The Columbian exchange
“The Columbian exchange” is the name given to the transfer of plants, animals, peoples and microbes which took place between the Americas and the rest of the world after the year 1492. The Columbian exchange had a profound impact on nutrition, population growth, food culture and the prevalence of diseases.
Species that did not exist outside of the Americas before 1492 include: corn, potatoes, tomatoes, tobacco, cassava, sweet potatoes, turkey, peanut, manioc, chocolate, vanilla, pineapple, avocado, cashew, squash, rubber and strawberry. Species that did not exist in the Americas include: coffee, wheat and barley, sugarcane, banana, rice, horse, donkey, mule, pig, cow, sheep, goat, chicken, large dogs, cat and honey bees.
Diseases were also exchanged, and with devastating effect. Some 80 percent of the native population of the Americas died as a result of measle and smallpox epidemics. In some places, like the island of Hispaniola where Columbus first landed, all of the natives died. In return the Europeans got syphilis. The first known case in Europe dates from 1493 and the first great outbreak occurred in Italy the following year.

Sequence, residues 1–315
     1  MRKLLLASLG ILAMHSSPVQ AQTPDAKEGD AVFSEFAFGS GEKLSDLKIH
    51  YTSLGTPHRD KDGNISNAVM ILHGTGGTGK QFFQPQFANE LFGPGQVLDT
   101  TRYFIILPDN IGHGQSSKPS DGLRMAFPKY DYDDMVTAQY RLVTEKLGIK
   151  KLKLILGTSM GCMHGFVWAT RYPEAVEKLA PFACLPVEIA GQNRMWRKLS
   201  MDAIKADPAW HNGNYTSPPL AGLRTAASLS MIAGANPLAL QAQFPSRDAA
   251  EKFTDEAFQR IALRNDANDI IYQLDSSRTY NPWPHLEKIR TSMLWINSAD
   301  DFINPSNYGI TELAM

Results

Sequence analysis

Today chilies are essential to much of the food of India and Southeast Asia, and it is difficult to imagine that they were unknown prior to 1492. Yet before Columbus, Indian curries where made with black pepper, not chilies. [Read more: “Chocolate and chilies“] It is equally difficult to imagine that Italian food was made without tomatoes, that there was no coffee in Brazil, no bananas in Central America and no sugarcane in Cuba. It was only in the course of the eighteenth-century that horses began to be used by the native peoples of North America. It was only now that they could begin to hunt bison.
The potato had a crucial impact on the level of nutrition in Europe, yet it was slow to be adopted and often had to be officially promoted by European governments. In Sweden, the potato only caught on once it was discovered that it could be used in the production of vodka. In 1748, the person responsible for the discovery, Eva de la Gardie, became the first female member of the Royal Swedish Academy of Sciences. Soon, however, the potato was a staple diet around Europe, contributing to perhaps 25 percent of the population growth between the years 1700 and 1900. Without Columbus there would have been no “potato famine” in Ireland in the 1840s and 50s.